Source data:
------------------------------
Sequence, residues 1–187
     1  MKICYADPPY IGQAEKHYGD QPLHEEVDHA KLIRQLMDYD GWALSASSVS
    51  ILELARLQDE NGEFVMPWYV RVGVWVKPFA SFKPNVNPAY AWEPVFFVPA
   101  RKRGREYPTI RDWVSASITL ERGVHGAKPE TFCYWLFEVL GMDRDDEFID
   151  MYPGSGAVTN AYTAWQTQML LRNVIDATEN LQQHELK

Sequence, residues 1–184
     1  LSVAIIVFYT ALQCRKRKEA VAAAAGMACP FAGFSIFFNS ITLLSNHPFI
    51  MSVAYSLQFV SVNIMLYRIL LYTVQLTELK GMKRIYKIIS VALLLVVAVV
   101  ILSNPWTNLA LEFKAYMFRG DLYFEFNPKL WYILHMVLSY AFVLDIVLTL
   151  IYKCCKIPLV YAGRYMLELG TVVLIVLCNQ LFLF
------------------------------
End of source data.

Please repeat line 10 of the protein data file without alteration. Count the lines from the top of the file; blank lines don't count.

   151  IYKCCKIPLV YAGRYMLELG TVVLIVLCNQ LFLF